"Women is essentially a consoler. Her outlook upon life leads her to be a helper because, since she herself is the giver of life, she is more conscious than man of its frailty and its needs. She protects what she is given."

She's the kisser of owies; the giver of hugs in the middle of the night. She's kind and gentle but she's a Mama Bear when she needs to be.  The is a women. This is a mother. This is so stinking beautiful! Ahhh! Am I the only one that feels so happy reading these words?  Maybe it's because I don't always feel like I'm kind and gentle, with my kids in particular.  I fail....a lot, but reading this reminds me that at my core, simply by virtue of being a women, I can find gentleness and kindness and patience....I might have to work at it, but deep down, it's there.

This chapter talks a lot about Mary in particular and I think provides some insight as to why the Catholic church honors her.  (I know this is confusing, having grown up a non-Catholic, but we do not worship Mary - I hope this post doesn't offend any non-Catholics out there, I apologize in advance if it does, but I think this provides a good explanation as to the difference between worship and honor in the Church. Only read if you are interested; I'm always interested in learning about other faith practices so that's the only reason I am including it here: Do Catholics Worship Mary?)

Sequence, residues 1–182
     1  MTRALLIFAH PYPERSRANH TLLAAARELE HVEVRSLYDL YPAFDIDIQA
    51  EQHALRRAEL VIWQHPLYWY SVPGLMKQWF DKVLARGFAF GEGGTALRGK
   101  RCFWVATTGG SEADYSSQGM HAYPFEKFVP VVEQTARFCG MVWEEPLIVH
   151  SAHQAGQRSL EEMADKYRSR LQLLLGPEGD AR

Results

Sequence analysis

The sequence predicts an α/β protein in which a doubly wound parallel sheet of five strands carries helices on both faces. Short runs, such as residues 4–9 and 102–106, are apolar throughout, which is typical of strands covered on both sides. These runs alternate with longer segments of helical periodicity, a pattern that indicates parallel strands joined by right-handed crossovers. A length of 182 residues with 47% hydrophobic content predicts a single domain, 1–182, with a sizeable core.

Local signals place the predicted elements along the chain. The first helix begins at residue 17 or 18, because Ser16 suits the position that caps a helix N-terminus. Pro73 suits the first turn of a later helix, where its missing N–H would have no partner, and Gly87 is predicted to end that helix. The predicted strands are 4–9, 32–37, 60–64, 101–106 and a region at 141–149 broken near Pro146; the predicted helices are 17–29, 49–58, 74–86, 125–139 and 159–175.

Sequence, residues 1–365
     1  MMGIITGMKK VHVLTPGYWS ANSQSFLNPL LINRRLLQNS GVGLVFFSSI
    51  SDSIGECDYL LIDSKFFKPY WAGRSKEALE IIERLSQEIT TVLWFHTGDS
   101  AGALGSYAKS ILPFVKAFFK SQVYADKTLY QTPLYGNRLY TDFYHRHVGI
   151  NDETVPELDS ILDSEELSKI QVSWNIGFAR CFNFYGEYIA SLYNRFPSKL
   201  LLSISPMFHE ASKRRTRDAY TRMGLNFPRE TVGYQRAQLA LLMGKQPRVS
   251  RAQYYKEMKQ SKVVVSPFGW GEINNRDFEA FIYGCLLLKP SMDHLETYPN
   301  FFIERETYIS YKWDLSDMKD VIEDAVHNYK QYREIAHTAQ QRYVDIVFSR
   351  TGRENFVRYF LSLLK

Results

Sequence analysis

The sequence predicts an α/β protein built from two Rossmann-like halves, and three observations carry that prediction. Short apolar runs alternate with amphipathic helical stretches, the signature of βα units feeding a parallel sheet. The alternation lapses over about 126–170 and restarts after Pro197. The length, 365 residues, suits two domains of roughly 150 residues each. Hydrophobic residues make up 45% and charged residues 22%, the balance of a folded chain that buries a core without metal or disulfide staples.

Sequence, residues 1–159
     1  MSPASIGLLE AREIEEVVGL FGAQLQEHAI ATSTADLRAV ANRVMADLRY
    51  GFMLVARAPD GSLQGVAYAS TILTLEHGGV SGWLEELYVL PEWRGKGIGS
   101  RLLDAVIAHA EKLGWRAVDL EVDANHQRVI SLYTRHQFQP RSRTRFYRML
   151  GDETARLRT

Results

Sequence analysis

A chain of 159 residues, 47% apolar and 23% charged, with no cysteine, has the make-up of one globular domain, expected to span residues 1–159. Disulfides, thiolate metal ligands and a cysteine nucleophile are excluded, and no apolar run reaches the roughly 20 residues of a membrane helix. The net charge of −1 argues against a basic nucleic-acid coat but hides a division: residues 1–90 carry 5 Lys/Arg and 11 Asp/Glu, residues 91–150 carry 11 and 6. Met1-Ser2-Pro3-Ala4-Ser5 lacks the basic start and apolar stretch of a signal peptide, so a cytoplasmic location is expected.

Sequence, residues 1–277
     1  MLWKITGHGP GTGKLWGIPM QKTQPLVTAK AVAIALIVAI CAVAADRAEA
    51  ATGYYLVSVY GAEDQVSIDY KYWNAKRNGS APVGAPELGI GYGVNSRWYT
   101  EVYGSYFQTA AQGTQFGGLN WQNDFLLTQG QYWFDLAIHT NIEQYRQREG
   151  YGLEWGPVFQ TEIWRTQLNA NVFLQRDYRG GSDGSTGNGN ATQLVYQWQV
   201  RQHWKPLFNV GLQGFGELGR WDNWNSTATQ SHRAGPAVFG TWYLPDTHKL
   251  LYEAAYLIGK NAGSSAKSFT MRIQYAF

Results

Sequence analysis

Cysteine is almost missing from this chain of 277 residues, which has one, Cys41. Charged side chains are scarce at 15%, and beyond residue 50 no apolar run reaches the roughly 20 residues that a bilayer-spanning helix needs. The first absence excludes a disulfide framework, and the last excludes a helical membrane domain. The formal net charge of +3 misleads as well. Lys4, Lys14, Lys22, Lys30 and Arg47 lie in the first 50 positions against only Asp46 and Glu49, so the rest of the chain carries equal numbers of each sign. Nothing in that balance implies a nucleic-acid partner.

But aside from Mary and the other women, His Loved Ones, also includes discussion on those not present at the Crucifixion; namely, the other eleven (or ten, since Judas is gone). Jesus is suffering and in need and yet the disciples (with the exception of John) have left Him, but "for Him their goodwill has always been enough." He didn't need them there; He knew in their hearts that they were loyal to Him and He did not hold it against them that they ran when they were scared, that they abandoned Him when He needed them most.

"This is the miracle of the Cross: it saves even those who desert if, provided that the heart is not estranged."

This provides me with so much comfort, for myself and for others.

Looking forward to hearing your thoughts.

***

Previous Discussions:
Week 1 - The View from the Cross
Week 2 - Zion & His Fathers House
Week 3 - The Upper Room & The Mount of Olives

Discussions to Come:
His Enemies & His Tomb
Heaven & the Epilogue

No comments: